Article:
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Business Management

Laurie Bowen (Global) - From BRICs to Mortar: Building on Emerging Market e-Trading Foundations Part I

To better tap investment funds from emerging markets and provide easier access for inward investment, more and more banks are looking to improve their e-trading infrastructure and connectivity in these countries. This two-part article discusses the challenges that financial institutions face in the roll-out of e-trading in emerging economies and ways to overcome them.

Building on emerging market e-trading foundations

Investors in emerging markets have been building ahead of steam, demanding the sophisticated trading capabilities they are used to in developed economies, along with the infrastructure and connectivity that can deliver seamless, fast, and agile trading and execution services.

With developed markets stagnating in 2008 and 2009, the emerging economies of Brazil, Russia, India, and China and South Africa (BRICS) and Colombia, Indonesia, Vietnam, Egypt and Turkey,(CIVET) are playing key roles in defining future global economic performance.


Banks now realize that emerging market exposure, whether through equity performance or bond yield, has become a critical feature of international investment activity. Senior bank executives of some of the leading players in emerging markets admit more attention and investment need to be applied to infrastructure and connectivity if these regions are to be traded on a par with their developed economy counterparts. This is according to an IDC Financial Insights study, sponsored by Tata Communications, which interviewed tier 1 and tier 2 financial institutions with significant trading interests in emerging markets. The respondents to this survey represent over half of the top 20 leading market participants in developing markets.

The not-so-smooth road ahead

At the same time, in seeking to maintain foreign investor interest and build sustainable capital markets, developing economies have started to embrace the electronic trading paradigm as a means of attracting and nurturing liquidity. These countries envisaged replicating the electronic model established in developed markets. However, there have been difficulties faced in laying appropriate foundations for both internal and external connectivity.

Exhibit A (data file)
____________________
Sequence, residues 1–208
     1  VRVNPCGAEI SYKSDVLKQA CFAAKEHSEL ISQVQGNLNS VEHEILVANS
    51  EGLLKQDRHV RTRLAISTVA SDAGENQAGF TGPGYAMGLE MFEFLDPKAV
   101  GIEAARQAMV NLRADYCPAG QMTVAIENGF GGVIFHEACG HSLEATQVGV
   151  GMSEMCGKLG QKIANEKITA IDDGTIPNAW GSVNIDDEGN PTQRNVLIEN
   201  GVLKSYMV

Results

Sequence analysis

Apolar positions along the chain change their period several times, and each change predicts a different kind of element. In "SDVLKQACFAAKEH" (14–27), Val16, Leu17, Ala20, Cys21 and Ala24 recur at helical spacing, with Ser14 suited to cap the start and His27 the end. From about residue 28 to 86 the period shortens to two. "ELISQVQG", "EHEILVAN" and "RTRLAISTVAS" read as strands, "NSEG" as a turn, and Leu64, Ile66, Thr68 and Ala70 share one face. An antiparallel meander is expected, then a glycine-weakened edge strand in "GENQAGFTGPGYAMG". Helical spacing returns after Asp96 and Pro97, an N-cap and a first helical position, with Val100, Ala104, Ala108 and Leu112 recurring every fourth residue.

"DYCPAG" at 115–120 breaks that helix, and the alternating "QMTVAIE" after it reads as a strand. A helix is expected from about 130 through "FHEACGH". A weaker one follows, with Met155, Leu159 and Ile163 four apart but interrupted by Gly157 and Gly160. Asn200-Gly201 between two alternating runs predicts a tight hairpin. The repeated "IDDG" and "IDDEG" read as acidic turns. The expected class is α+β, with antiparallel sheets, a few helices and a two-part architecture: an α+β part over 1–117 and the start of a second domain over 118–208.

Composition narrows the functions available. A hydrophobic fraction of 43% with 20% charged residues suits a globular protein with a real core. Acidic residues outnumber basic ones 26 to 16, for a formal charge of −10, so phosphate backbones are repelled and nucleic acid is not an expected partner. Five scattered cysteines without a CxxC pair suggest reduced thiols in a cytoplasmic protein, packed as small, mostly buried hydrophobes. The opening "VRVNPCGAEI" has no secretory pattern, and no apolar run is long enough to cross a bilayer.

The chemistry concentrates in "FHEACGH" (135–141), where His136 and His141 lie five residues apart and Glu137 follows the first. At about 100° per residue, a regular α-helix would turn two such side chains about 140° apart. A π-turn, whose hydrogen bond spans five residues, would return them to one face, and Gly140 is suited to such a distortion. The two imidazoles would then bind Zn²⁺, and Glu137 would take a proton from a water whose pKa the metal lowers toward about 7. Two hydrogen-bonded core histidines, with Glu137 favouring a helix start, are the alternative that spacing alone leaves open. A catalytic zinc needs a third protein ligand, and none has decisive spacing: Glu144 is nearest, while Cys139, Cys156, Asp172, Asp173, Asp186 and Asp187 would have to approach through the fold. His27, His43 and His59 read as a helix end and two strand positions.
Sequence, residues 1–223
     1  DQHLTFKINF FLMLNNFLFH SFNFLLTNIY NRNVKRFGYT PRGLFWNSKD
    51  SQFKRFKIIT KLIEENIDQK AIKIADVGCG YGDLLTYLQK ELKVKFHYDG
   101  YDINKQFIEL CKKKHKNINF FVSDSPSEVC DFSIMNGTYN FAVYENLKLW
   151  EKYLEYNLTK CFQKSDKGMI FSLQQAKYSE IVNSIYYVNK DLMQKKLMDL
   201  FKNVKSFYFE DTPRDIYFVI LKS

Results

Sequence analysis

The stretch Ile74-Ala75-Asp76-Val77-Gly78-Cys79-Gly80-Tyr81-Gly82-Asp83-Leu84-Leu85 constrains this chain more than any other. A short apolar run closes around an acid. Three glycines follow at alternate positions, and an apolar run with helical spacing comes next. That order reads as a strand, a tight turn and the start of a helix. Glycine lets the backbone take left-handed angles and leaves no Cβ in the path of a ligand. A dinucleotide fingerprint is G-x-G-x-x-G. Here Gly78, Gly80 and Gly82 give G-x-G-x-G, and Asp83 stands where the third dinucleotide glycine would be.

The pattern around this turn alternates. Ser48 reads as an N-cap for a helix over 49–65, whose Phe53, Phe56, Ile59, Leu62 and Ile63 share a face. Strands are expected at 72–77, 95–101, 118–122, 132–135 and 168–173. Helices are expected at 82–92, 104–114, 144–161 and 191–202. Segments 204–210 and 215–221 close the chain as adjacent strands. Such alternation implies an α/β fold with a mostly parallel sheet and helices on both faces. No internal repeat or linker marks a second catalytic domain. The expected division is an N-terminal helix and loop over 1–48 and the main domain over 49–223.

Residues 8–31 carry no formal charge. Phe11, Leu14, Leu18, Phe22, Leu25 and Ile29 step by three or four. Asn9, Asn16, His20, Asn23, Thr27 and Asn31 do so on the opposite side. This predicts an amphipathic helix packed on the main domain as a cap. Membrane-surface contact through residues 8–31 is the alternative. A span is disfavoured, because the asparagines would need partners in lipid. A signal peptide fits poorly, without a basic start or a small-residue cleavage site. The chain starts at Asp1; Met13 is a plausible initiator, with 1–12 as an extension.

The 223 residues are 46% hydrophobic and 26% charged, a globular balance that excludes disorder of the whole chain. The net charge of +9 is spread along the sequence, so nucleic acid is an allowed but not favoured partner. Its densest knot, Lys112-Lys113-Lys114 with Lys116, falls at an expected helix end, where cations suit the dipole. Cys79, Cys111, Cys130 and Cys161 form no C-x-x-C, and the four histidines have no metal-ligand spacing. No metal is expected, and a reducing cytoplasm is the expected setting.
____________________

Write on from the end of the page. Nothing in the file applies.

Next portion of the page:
Infrastructure components that underpin electronic trading in emerging markets are not as readily available or as reliable as in developed markets, hindering the speed at which e-trading services can be rolled out and the level of sophistication that can be achieved.

Financial institutions that want to exist at the forefront of electronic trading developments should be planning a long-term, global infrastructure strategy that facilitates the rapid extension of electronic trading capabilities when demand justifies. They will have to be able to overcome the challenges of the lack of a truly global network to support their expansion, the lack of the ability to deal with the demands of routing different types of data traffic, and find a global partner with an extended footprint in the emerging markets.


Defining the extent of electronic trading provision in emerging markets

There are natural barriers to the development of e-trading services in emerging markets. In the first generation of these markets, institutions have already embarked on a commitment to break those barriers by enhancing local operations and local infrastructure. In Brazil, a large number of global trading institutions are committed to developing high frequency trading (HFT) and market making activities, with all of the latency reduction demands that such operations entail. In the second generation emerging markets, ambitions and expectations around e-trading remain fairly low. The speed at which markets transit from the second tier to the first will be determined by the speed of technological development at the exchange as well as the economic performance of the market.

Wanted: a global network for a global business

Banks recognise the need for emerging market agility, knowing that while current e-trading provision is appropriate for purpose, the rate at which emerging market exchanges are evolving their own infrastructure means that a greater range of trading techniques will quickly become relevant in certain growth locations.

Trading institutions need to identify growth locations early and develop a network that allows for the rapid deployment of more advanced techniques as they become competitive differentiators. The second part of this article will discuss the challenges and opportunities for institutions when extending their global network capabilities.

By Laurie Bowen, President, Sales & Strategy, Global Data and Mobility, Tata Communications

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